The party had an open bar, but Billie Eilish was nowhere near the free champagne. At 17, the evening’s star and musical guest was a good 10 years younger than most of the hip Manhattan crowd filling the cavernous Lower East Side gallery on a February night. The occasion? The launch of her magazine cover for Garage, created by the renowned artist Takashi Murakami.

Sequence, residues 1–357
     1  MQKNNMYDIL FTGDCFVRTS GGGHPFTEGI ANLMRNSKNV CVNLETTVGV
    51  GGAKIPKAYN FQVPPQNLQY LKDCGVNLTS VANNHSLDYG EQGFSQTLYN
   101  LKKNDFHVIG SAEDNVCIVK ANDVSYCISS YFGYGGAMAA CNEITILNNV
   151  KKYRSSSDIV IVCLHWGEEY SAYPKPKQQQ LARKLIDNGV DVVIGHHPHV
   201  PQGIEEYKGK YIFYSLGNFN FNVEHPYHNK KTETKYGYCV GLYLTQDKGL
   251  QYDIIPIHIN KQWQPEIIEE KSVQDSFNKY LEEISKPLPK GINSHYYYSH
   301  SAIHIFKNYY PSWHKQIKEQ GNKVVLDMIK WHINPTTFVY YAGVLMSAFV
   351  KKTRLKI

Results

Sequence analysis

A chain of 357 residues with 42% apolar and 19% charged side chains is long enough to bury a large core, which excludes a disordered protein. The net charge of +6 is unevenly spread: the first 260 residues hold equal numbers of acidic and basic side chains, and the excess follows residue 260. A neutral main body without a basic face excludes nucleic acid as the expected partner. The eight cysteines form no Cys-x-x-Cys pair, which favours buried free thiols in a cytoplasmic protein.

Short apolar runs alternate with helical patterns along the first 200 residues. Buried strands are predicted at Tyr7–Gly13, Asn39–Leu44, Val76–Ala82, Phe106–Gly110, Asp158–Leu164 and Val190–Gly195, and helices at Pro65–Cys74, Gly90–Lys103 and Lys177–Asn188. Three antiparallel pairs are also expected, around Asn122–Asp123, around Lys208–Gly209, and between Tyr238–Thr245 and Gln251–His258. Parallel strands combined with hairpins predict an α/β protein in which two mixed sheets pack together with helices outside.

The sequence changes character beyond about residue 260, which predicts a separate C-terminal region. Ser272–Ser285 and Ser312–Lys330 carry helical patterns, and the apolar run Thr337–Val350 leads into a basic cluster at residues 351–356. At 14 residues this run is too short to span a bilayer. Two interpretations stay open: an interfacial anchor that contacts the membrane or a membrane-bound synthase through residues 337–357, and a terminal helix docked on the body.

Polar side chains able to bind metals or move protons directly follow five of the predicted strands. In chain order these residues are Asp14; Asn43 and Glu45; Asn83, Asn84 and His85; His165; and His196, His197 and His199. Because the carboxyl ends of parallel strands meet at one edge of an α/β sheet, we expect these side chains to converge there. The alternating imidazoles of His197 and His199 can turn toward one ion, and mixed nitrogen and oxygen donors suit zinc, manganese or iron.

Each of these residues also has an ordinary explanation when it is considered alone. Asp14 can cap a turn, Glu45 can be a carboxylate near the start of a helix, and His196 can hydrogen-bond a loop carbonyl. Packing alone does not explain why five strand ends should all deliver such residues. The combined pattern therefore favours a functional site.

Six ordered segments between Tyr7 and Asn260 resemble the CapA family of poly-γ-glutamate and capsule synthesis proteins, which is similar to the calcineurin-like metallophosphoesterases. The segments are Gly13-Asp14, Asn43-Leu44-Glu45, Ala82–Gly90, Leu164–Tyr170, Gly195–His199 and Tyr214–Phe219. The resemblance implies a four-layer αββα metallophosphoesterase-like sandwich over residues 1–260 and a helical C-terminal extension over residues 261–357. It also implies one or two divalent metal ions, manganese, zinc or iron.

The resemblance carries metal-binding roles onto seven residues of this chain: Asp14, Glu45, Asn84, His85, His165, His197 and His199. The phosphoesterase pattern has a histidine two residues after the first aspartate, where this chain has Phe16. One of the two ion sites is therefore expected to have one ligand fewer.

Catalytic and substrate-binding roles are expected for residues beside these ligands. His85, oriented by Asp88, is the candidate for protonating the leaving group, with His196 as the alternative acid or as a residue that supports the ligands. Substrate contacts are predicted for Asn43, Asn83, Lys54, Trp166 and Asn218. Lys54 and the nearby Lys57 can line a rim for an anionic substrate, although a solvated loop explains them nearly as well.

Eilish, a singer-songwriter beloved by Gen Z–she has 15 million Instagram followers–is not yet a household name. But with her debut album, When We All Fall Asleep, Where Do We Go?, out March 29, she’s well on her way. Even before its release, she has nearly 6 billion streams across platforms and is Spotify’s second most popular female artist this year. And she got there on the strength of an image that’s equal parts enigmatic and open, and music that swings from eerie trap-pop to whisper-sweet balladry, all wrapped up in existential pain. Her refusal to conform makes her a voice of a generation that desires authenticity above all. “I don’t care what you don’t like about me,” she says. “I care what I have to say.”

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